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23 Perennials That Grow in Shade (With Pictures)

blue flower in shade

There are plenty of spaces around your house or yard that you probably ignore as far as plants are concerned. But did you know that there are a ton of different flowers that do well—even without much sun?

Shade-loving plants often have some of the most beautiful foliage and unique flowers. Let’s check out 25 perennials that you can grow in the shade.

garden flower divider

The 23 Perennials That Grow in Shade

1. Madagascar Periwinkle

Madagascar Periwinkle
Image By: rminedaisy, Unsplash
USDA Zone: 9–11
Botanical Name: Catharanthus roseus
Mature Height: 6–18 inches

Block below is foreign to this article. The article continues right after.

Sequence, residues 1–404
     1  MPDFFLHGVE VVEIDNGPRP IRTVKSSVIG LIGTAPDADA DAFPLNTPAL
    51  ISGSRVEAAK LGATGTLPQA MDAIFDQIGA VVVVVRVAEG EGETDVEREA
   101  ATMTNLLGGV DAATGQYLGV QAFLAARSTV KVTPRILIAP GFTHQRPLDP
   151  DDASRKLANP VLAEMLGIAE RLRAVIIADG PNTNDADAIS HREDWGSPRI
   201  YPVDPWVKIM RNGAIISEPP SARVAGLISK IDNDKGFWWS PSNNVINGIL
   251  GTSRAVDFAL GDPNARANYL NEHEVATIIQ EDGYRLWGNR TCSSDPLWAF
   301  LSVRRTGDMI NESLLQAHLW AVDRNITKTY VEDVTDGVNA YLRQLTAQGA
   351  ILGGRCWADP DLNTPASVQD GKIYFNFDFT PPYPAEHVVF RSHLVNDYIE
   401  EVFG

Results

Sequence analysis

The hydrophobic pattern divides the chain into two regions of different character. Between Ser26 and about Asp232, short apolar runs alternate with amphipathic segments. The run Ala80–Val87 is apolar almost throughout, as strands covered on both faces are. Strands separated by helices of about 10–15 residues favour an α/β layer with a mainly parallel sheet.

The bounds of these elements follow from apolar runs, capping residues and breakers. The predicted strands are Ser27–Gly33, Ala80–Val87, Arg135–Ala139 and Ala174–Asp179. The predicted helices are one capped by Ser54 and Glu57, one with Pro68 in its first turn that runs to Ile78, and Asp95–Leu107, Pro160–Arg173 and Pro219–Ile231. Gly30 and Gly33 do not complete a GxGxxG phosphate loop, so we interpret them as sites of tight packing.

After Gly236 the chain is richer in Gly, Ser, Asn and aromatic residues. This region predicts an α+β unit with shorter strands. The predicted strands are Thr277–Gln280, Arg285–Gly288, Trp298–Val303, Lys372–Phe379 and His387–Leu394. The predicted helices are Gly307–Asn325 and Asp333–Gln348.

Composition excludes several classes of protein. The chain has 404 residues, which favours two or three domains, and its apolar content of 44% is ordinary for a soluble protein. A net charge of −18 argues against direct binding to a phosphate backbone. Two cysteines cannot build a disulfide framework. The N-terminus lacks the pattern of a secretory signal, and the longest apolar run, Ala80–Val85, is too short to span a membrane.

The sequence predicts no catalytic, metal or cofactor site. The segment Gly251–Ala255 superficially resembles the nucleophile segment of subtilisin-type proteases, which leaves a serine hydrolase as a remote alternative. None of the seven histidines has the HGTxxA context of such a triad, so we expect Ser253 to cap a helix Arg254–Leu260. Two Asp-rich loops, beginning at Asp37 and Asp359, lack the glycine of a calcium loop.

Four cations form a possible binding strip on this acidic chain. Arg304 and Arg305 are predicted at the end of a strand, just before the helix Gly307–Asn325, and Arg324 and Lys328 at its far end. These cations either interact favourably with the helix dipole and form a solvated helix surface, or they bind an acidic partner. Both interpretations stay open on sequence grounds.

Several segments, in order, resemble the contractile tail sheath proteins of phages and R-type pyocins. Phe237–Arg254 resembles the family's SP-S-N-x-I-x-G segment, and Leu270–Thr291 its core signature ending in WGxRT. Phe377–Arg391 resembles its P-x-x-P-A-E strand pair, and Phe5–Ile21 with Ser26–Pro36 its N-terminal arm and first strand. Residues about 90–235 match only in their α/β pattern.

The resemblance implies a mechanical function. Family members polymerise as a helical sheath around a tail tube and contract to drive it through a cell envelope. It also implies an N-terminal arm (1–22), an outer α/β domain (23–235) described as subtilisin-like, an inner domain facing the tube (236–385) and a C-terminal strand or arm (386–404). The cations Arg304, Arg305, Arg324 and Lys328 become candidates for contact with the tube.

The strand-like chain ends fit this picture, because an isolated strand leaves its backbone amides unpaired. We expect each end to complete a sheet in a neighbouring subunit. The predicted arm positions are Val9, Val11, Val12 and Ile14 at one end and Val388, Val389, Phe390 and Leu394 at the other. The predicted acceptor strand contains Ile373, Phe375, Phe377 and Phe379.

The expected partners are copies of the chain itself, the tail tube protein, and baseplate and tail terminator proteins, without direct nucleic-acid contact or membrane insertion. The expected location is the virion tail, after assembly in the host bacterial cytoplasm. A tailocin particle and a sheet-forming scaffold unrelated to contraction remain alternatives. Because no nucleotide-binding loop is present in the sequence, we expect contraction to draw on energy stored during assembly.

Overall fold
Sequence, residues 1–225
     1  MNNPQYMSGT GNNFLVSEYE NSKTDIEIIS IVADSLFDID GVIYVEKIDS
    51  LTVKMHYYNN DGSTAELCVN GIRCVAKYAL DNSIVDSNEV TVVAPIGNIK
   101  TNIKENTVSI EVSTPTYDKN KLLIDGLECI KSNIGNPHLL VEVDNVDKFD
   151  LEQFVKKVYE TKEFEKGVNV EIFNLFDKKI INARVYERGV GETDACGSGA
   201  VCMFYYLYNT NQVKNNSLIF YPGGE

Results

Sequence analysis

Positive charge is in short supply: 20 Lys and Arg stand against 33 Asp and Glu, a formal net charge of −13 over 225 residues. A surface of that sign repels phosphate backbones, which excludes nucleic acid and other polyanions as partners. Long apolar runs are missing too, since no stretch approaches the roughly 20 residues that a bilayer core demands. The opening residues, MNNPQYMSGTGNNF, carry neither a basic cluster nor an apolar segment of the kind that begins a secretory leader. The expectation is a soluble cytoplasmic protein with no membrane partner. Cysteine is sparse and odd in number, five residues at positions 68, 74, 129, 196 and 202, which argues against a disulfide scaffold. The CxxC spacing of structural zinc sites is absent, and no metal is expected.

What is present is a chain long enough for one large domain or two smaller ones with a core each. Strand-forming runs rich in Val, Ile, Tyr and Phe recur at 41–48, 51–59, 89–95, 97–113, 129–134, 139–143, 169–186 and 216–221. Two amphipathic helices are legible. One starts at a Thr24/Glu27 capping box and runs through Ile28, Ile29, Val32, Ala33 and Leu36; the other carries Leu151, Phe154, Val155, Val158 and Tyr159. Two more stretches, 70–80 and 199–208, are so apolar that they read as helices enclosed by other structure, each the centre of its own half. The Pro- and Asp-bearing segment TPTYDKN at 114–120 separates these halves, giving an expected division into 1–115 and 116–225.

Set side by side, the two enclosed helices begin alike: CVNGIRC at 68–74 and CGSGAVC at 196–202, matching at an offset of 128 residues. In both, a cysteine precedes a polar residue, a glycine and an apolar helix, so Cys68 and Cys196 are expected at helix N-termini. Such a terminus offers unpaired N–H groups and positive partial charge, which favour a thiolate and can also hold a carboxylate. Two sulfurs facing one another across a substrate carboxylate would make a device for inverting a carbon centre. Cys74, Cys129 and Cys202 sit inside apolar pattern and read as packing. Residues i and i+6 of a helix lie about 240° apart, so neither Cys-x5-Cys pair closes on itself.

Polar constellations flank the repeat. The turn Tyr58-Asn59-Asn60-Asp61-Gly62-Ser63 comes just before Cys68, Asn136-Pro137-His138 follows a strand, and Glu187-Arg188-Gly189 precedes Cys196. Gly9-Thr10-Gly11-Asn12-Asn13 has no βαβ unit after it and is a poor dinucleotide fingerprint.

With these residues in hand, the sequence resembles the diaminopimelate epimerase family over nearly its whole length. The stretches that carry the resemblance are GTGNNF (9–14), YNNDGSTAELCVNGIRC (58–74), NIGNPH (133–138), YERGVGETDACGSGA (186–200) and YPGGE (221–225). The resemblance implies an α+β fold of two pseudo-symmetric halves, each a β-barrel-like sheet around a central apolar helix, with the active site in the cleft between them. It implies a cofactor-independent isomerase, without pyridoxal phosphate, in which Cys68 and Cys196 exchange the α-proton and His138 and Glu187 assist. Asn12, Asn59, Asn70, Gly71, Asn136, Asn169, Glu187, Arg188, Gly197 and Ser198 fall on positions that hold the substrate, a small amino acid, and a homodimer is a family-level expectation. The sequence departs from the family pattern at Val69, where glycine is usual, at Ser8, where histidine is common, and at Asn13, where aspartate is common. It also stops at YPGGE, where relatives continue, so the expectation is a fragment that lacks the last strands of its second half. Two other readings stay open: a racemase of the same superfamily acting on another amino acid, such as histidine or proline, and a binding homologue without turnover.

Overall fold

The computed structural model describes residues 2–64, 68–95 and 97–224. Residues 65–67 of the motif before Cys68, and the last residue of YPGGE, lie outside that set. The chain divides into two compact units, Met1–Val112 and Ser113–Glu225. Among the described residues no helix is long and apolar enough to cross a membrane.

The Madagascar periwinkle is a tropical perennial that is typically grown as an annual in many areas. It’s characterized by deep green foliage and purple flowers. This flower enjoys a nice sunny spot. However, it does well in partial shade as well. And being that it’s relatively drought-tolerant and pest-resistant, it doesn’t require a lot of attention to thrive.

2. Creeping Jenny

creeping jenny
Image Credit: jan-canty, Unsplash
USDA Zone: 4–9
Botanical Name: Lysimachia nummularia
Mature Height: 2–4 inches

Your local nursery may not have access to creeping Jenny because it’s actually considered an invasive plant in many areas. However, small yellow flowers and beautiful foliage make this a great addition to your space as a hanging plant or ground cover plant. Because it spreads so quickly, it’s important you control the plant, or creeping Jenny will quickly take over your garden.